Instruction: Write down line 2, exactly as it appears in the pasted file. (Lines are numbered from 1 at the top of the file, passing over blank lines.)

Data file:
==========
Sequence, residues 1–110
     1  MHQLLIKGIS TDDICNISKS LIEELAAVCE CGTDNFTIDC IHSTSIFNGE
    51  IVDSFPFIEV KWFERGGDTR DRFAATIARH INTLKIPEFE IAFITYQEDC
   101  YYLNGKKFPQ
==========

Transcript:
     1  MHQLLIKGIS TDDICNISKS LIEELAAVCE CGTDNFTIDC IHSTSIFNGE